On the 13th of February, it was announced that Rangers had lodged legal papers ‘signalling its intention to go into administration’. This was, naturally, news which broke the hearts of millions of devout supporters globally, and brought about a general feeling of incredible shock. The notion of administration had been banded about loosely at the tail-end of Sir David Murray’s tenure, but it had never been spoken about as an ‘inevitability’.
Not until Craig Whyte took over.
There appears a general notion among fans to discuss what led to this point. Many blame SDM for his fiscal irresponsibility and debt accumulation during the Advocaat era, along with the ‘dubious’ use of EBT schemes. The two problems with this area of blame are; firstly the massive debt from this period was actually cleared almost entirely to the level of £5.9M by late June 2006, and secondly the big tax case resulting from the EBT scheme is complicated at best given these schemes are completely legitimate. They can indeed be unscrupulously used for tax evasion, and that is the case HMRC are using, but it is extremely difficult to prove Rangers did this.
|He’s no innocent, but he is not responsible for administration.|
So neither of the above meant a slippery slope to either administration or liquidation for certain. Indeed, the club could quite happily have continued on with the tax case being settled quietly given HMRC do not have the strongest case. If, that is, Murray had managed to sell to a benevolent individual with the club’s best interests at heart. Instead, he sold to Craig Whyte.
The manner of the takeover itself was shrouded in smoke and mirrors. Whyte, an entirely unknown commodity, had sprung from nowhere; a supposed lifelong Rangers fan:
“Obviously I’m a massive Rangers fan and have been since I was a boy. I’m here first and foremost because I’m a Rangers supporter. I also see a great opportunity and think that Rangers can be a great worldwide brand. I believe there are many commercial activities that can be expanded on.”
He purchased the club for a symbolic pound coin, and then supporters, furiously looking for information on him, found themselves struggling to clarify anything about his past. With assets rumoured to be worth £1B, it was absolutely extraordinary that so little concrete information could be acquired. The only thing which seemed to be reported was his company ‘Wavetower’ had taken on the £18M debt the club was now in thanks to the second Walter Smith era and changed its name to “The Rangers FC Group Limited”. This company, based in London, was created for the sole purpose of owning Rangers. But quite who its personnel might be is unknown.
|I’d add a pair of horns but I’m no good with Photoshop.|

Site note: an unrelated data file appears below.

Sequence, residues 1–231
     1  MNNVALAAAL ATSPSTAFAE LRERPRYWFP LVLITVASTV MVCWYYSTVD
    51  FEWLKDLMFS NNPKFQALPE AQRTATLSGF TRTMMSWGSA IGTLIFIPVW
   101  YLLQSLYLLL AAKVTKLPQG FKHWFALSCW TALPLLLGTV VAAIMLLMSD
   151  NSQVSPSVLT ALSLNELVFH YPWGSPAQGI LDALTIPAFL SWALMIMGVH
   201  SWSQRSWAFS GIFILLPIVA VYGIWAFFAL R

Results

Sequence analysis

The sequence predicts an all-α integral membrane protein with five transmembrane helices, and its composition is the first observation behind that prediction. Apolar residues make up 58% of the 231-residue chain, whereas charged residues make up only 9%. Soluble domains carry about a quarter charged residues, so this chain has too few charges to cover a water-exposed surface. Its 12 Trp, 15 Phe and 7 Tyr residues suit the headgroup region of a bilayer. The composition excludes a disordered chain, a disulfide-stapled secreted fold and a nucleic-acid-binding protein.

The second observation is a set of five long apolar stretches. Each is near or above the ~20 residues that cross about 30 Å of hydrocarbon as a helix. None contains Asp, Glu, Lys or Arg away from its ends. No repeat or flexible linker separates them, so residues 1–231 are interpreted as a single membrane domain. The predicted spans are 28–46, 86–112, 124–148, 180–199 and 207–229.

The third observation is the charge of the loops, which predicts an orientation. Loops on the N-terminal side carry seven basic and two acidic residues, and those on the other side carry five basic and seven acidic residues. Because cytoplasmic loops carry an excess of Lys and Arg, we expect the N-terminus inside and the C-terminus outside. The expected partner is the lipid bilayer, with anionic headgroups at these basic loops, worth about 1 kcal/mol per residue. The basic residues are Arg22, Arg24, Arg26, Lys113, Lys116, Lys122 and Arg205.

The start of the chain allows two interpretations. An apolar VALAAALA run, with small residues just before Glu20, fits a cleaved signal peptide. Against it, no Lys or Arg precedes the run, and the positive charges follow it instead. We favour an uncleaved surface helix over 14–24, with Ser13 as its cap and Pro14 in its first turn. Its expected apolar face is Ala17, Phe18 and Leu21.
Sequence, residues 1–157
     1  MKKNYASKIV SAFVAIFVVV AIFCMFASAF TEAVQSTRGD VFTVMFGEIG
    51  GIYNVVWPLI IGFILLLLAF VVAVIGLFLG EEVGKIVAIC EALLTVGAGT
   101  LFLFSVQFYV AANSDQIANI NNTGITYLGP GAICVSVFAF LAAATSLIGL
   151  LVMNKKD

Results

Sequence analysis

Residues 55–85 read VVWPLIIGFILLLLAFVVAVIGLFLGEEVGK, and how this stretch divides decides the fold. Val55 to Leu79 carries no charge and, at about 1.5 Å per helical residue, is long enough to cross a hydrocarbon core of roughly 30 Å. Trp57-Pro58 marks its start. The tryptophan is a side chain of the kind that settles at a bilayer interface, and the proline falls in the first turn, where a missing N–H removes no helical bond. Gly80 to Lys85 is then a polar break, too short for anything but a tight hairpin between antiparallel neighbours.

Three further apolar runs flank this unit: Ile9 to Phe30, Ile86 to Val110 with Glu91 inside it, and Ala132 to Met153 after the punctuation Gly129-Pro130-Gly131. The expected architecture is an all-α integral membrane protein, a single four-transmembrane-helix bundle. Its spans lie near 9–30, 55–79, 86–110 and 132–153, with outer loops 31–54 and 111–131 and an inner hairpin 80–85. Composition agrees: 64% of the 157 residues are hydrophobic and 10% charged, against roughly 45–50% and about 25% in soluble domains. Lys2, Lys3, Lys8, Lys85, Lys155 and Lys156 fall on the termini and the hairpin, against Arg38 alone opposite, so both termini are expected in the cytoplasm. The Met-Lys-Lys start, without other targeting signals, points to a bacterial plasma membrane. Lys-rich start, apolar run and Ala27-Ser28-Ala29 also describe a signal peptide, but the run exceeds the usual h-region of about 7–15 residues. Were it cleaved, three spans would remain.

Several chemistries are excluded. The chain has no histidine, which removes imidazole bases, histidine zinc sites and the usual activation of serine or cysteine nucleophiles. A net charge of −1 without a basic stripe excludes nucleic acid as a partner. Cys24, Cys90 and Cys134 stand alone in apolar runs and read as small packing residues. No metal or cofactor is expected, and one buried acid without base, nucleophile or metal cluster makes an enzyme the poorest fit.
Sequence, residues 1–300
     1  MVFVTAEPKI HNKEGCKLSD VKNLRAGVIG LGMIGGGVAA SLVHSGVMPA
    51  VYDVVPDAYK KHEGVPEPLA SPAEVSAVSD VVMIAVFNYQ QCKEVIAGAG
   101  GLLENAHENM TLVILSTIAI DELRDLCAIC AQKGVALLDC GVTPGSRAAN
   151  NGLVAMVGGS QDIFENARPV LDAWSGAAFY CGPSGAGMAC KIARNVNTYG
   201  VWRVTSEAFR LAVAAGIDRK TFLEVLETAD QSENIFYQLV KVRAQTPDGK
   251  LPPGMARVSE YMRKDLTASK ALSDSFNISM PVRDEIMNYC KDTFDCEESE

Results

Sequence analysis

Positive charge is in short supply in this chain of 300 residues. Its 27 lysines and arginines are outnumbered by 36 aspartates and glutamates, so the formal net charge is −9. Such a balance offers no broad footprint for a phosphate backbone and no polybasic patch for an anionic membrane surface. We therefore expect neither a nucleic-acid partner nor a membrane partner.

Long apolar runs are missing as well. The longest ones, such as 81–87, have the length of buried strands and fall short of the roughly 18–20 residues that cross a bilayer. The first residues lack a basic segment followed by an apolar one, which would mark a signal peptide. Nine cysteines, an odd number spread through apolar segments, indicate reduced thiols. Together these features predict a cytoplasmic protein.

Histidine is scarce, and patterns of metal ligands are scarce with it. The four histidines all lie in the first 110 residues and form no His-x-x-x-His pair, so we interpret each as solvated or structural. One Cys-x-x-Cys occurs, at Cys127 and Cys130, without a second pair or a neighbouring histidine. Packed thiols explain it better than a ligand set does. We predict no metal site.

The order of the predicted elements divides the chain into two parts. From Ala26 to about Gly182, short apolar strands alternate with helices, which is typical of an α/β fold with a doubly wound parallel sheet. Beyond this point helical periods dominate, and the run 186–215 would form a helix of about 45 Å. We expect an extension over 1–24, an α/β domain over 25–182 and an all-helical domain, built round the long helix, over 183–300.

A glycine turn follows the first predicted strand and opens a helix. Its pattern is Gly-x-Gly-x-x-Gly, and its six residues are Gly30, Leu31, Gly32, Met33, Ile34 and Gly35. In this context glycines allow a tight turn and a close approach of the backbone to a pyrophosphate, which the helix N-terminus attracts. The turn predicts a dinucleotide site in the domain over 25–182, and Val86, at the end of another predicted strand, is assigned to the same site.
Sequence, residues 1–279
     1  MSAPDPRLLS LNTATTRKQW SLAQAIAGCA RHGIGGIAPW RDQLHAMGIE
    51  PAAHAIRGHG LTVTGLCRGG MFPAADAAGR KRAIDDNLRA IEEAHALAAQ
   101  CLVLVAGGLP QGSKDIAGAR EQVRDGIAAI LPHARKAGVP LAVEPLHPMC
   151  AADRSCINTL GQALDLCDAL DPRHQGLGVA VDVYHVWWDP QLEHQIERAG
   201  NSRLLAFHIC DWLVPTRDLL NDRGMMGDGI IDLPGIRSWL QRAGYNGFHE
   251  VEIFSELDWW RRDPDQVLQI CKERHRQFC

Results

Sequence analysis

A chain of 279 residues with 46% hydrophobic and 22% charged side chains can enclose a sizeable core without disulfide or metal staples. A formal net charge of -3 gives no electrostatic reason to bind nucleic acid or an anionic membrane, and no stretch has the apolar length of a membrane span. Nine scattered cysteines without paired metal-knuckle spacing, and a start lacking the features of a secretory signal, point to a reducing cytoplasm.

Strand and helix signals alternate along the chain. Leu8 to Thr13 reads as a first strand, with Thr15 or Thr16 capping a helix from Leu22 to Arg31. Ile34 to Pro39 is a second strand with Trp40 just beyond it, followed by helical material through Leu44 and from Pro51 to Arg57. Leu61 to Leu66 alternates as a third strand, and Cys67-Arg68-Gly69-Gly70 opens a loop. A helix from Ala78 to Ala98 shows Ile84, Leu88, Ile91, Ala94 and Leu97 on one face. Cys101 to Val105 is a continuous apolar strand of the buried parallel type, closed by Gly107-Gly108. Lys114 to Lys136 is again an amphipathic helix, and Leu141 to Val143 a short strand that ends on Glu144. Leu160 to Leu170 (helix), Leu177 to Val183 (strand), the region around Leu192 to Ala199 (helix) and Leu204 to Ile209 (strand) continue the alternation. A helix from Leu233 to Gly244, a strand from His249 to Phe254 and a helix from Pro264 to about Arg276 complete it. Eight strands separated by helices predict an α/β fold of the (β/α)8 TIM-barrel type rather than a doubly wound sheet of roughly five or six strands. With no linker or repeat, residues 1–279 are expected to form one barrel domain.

Then the press started to investigate and Whyte’s shady past and dubious credentials became exposed. The BBC in particular, and Mark Daly, investigated Whyte, tracking him to Monaco and exposing his ethically questionable operations. They went as far as to suggest he may have been guilty of criminality, and as a result, not only did Whyte withdraw co-operation with them, but Rangers fans felt this confirmed the BBC had a vendetta against the club.
Unfortunately, what has surfaced since has just about vindicated the BBC, and we supporters now know Whyte engaged in illegal activity. While at Rangers.
It is why we are in administration.
His systematic and deliberate retention of income tax, or PAYE, which was paid by the players in good faith, but not forwarded to HMRC by Whyte, is the single sole reason the club is currently in the mire. When the tax man got wind of the near-£10M which Whyte had kept from his entire tenure as Rangers owner, they were determined to take action and force the club into this situation. Whyte managed to appoint his own men for the club, within the deadline, those men being Duff & Phelps, which supporters regarded as a small victory, but that action rings hollow now.
Furthermore, the amount of PAYE was not just the £9M initially reported, but closer to £15M.
It is genuinely staggering to consider the criminal activity Whyte has undertaken, and the scale of it. It is categorical tax evasion – something Harry Redknapp and Milan Mandaric were both on trial for but cleared of. Whyte has kept millions of government revenue in his back pocket, and surely he will stand trial similarly in the future as a result. If there was no case for tax evasion, we surely would not be in administration.
The destruction one man has brought to Rangers is almost unfathomable. But what is equally astonishing is HMRC themselves do not intend, for the moment, to bring him to court over the PAYE disgrace, considering it, for now, tax avoidance:
“Our position is that the PAYE and VAT have not been paid but they have been accounted for. In other words, there are records there which say that Joe Bloggs has been paid so many pounds and tax has been deducted. So, because that record is there, it’s not a fraudulent act, in the same way that not paying your electricity bill will not result in a criminal case against you – you’ll simply have your electricity cut off.”
This stance is absolutely baffling. Redknapp and Mandaric stood trial for amounts barely touching £190,000, yet Whyte appears to have escaped without any punishment for an amount approaching £15M. It seems that Whyte’s done nothing more serious than forgetting to pay his energy bill.
Why did he do all this? We will never truly know. Just as we still do not fully comprehend his background.
Maybe it is best we never do.